Vanguard Dividend Appreciation ETF: A Different Approach To Dividends
- VIG is a widely diversified, dividend growth-oriented ETF focused on large-cap equities.
- The fund targets firms with histories of strong dividend growth.
- Investors should consider VIG as a core holding due to experienced management, low fees, and strong performance.
The Vanguard Dividend Appreciation ETF (NYSEARCA:VIG) is a popular, income growth-oriented ETF that has provided shareholders an increasing stream of dividend distributions. We believe income-seeking investors should consider VIG as a core portfolio holding as the economic outlook continues to remain strong.
ETFs offer a simple, tax-efficient mechanism to access broad swaths of the market. ETFs have gained popularity on account of simple transactions, low fees, and market-linked performance. VIG is passively managed and tracks the performance of the S&P U.S. Dividend Growers Index, comprised of common stocks that have increased dividends annually for at least ten years. Interestingly, the strategy excludes the top 25% highest-yielding companies from the index. This point likely avoids yield traps. According to S&P Global, VIG is the only ETF which is linked to this specific index.
Source: S&P Global
The index includes 268 individual holdings with a mean market cap of approximately $50 billion. The index includes a wide range of market capitalizations with the largest being $2.48 trillion and the smallest being $400 million. The index is somewhat top-heavy with the largest position representing 5% and the top ten representing nearly 31% of the whole index.
VIG is simple and effective in its execution, offering investors an opportunity to diversify across capitalizations focusing on high-quality equities. The fund achieves a slightly higher dividend yield relative to traditional index funds such as the SPDR S&P 500 ETF (SPY), despite large portfolio overlaps. As it stands today, VIG's current yield of 1.58% does not offer a better yield than traditional income producers such as REITs and fixed income, however, the growth potential is where VIG truly shines.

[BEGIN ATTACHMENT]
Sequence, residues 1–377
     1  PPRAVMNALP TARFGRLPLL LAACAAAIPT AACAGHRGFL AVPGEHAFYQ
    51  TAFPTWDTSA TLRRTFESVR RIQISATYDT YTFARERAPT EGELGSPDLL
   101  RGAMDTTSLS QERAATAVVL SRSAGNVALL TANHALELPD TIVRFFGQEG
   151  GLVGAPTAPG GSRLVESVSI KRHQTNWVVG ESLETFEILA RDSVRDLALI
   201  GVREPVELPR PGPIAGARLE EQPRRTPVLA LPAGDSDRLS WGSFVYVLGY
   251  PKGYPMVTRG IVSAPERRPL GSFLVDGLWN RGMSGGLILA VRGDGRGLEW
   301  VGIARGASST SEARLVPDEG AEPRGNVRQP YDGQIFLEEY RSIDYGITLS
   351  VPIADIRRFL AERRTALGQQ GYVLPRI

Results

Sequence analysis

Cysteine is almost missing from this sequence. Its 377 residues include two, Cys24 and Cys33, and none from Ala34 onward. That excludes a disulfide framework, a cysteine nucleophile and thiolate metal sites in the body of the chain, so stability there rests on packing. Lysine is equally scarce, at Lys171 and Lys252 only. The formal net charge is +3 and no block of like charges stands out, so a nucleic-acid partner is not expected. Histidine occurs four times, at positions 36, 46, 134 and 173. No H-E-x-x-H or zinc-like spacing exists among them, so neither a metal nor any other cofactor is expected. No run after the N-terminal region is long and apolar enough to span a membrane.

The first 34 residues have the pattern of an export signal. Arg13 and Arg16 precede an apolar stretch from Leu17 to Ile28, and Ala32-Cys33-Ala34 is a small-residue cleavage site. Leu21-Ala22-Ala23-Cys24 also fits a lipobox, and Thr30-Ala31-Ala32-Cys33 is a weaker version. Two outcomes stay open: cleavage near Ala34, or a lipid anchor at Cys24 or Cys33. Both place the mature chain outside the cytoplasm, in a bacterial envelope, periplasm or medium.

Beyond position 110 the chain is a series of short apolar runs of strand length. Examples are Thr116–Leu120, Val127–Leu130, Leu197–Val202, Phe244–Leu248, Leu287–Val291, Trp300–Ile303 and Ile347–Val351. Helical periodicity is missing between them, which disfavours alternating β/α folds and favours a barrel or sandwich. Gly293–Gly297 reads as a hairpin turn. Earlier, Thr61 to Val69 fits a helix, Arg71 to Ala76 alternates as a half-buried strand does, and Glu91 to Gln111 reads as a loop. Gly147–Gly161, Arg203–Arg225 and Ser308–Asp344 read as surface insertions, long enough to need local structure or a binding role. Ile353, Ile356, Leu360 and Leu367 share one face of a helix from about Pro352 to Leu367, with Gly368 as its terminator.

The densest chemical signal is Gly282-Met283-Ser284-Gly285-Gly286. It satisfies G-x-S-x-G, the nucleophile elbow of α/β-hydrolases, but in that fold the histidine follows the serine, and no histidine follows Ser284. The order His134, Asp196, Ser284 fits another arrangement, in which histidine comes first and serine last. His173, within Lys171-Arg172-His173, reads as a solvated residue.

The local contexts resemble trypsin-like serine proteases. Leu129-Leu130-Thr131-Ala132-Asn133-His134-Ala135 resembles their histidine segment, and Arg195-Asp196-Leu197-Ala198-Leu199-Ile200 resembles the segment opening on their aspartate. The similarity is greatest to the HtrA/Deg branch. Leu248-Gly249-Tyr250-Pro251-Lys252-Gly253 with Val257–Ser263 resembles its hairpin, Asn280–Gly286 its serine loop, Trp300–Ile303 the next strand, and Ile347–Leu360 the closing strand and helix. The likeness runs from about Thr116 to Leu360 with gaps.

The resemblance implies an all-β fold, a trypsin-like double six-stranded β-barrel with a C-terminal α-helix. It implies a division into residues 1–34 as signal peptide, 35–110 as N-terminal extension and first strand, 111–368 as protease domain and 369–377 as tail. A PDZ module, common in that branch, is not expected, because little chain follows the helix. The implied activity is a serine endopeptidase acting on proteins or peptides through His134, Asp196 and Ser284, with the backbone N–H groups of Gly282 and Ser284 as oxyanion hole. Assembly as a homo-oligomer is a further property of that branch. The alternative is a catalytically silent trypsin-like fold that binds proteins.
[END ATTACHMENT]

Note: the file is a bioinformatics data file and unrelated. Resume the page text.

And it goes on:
Let's examine the fund and understand where VIG fits in the ETF ecosystem.
VIG is a passively managed ETF linked to the S&P U.S. Dividend Growers Index. The fund is large with nearly $78 billion in total assets under management. The portfolio includes 268 holdings diversified across a variety of industries. The fund mandates that each holding pay a dividend which has a history of growth, consistent with the overall objective of income. It's worth noting that the fund has no foreign holdings and a turnover rate of approximately 14%.
Sector allocations are widespread and consistent with traditional income-producing assets. The portfolio's largest allocation is industrials (21.1%) followed closely by consumer discretionary (15.9%). The portfolio excludes a real estate allocation altogether, which may ease investors' fears of rising interest rates. Additionally, the fund has a very small allocation to utilities (3.90%) which should appease investors for a similar reason. Should investors seek exposure to real assets, VNQ presents a viable complement.
The portfolio has maintained a balanced focus, blending equally between growth and value. As a result, the fund's constituents trade at a consistent valuation relative to broader equity indexes. The fund is currently trading at an aggregate PE ratio of 23.8x, which is more reasonable than the S&P 500 but still very rich.